News from the FDA/CDC

Less than half of office visits involve primary care


Visits to primary care generalists, which made up two-thirds of the visits to physician offices in 1980, now represent less than half of all visits, according to the National Center for Health Statistics.

Primary care physicians’ share of office visits fell from 66.2% in 1980 to 49.1% in 2013, the NCHS reported in “Health, United States, 2016.” The corresponding increase among specialty care physicians gave them a total of 50.9% of all office visits in 2013, up from 33.8% in 1980.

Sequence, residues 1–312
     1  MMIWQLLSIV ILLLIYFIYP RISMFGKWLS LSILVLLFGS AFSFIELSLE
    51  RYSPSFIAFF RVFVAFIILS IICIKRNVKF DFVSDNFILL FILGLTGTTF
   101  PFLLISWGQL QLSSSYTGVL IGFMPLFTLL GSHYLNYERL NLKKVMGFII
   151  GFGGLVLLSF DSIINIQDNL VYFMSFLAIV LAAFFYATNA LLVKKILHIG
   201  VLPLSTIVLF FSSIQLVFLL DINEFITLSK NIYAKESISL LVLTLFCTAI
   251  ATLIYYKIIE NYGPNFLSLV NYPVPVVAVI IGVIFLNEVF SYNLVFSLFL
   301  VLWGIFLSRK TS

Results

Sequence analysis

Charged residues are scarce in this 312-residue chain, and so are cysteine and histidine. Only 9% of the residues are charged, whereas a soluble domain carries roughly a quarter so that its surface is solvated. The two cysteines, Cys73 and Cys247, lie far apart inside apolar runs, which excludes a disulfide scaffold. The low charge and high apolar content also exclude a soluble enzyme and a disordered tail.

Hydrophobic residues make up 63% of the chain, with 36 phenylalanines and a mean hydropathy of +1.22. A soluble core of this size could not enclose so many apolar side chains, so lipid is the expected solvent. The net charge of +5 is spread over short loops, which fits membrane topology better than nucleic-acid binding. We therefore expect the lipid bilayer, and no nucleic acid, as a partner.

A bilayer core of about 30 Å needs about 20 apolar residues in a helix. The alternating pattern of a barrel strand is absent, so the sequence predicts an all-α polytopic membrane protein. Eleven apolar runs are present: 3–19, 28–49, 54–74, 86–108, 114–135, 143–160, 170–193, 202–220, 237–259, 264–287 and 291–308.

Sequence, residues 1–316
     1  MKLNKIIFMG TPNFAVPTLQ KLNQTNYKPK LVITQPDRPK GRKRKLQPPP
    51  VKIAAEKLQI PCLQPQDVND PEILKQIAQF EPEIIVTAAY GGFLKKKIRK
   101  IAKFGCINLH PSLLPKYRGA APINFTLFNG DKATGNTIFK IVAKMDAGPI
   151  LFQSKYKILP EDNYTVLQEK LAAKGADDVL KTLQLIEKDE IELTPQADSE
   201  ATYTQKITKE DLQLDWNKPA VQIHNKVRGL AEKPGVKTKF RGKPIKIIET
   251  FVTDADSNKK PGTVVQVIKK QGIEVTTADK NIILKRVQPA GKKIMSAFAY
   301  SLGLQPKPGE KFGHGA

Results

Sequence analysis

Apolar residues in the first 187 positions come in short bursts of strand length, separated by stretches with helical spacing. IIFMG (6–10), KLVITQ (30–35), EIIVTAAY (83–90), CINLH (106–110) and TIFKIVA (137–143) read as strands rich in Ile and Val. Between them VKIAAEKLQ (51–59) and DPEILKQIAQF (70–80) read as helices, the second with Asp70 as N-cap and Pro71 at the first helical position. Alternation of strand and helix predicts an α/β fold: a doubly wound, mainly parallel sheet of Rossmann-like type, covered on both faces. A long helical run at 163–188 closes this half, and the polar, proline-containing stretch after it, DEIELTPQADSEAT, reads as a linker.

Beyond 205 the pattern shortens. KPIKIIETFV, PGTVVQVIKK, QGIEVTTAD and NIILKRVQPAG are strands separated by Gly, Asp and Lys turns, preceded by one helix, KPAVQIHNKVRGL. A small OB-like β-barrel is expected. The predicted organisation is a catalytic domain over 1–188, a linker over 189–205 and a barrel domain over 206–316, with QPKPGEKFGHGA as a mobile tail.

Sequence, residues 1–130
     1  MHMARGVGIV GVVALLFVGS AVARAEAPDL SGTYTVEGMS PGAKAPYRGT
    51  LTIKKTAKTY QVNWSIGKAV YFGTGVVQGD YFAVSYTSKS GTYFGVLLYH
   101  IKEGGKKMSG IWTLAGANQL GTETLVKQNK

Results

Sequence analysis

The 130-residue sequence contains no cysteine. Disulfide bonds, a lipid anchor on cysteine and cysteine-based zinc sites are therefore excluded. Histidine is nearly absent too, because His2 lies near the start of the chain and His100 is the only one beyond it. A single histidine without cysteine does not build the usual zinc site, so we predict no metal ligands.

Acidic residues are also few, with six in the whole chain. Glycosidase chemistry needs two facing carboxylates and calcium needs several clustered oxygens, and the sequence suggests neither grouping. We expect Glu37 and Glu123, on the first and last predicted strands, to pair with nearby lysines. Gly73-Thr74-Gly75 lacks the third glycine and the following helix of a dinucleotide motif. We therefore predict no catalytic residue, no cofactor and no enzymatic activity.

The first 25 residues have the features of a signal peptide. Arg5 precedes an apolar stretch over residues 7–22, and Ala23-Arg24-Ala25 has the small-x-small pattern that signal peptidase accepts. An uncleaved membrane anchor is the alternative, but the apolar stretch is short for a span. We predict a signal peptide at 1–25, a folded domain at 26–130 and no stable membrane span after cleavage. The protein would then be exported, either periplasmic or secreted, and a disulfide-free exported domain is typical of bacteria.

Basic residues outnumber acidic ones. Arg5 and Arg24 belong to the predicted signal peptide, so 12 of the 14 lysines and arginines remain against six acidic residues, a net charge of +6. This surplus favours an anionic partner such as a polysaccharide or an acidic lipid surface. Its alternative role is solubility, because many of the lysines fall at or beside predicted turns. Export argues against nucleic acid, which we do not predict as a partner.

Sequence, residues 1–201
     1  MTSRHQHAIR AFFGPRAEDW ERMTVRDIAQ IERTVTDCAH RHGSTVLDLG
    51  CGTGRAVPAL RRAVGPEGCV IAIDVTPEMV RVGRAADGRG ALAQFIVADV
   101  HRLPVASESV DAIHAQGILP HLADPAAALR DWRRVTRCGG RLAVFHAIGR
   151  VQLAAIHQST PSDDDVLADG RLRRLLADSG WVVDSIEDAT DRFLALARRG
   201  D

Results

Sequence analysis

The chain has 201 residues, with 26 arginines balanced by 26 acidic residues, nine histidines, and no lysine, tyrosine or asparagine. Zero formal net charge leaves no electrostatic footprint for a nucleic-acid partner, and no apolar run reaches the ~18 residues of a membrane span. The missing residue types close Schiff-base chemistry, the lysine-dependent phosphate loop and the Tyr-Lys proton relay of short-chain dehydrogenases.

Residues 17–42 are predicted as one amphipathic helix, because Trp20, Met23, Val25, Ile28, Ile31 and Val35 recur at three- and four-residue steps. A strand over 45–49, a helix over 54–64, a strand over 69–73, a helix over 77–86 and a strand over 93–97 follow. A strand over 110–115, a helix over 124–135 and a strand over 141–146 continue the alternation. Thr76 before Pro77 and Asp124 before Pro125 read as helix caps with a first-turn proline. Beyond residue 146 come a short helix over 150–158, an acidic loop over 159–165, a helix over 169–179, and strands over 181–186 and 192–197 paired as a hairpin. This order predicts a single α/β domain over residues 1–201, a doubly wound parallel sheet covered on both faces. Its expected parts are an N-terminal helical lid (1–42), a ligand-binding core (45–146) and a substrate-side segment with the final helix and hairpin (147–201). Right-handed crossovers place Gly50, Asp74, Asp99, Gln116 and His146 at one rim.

Distribution of visits to physician offices
Age may be playing a part in this shift. The generalists mostly held their own among patients younger than 18 years, who made 77.8% of all their office visits to primary care physicians in 1980, compared with 73.8% in 2013. The shift away from primary care, however, increased along with patient age: from 65.3% of visits in 1980 to 53.7% in 2013 for those aged 18-44 years; 60.2% to 42.1% for 45- to 64-year-olds, and 61.6% to 38.3% for those aged 65 years and over, the NCHS said.

The NCHS estimates are based on data collected by the National Ambulatory Medical Care Survey, which excluded Alaska and Hawaii in 1980.

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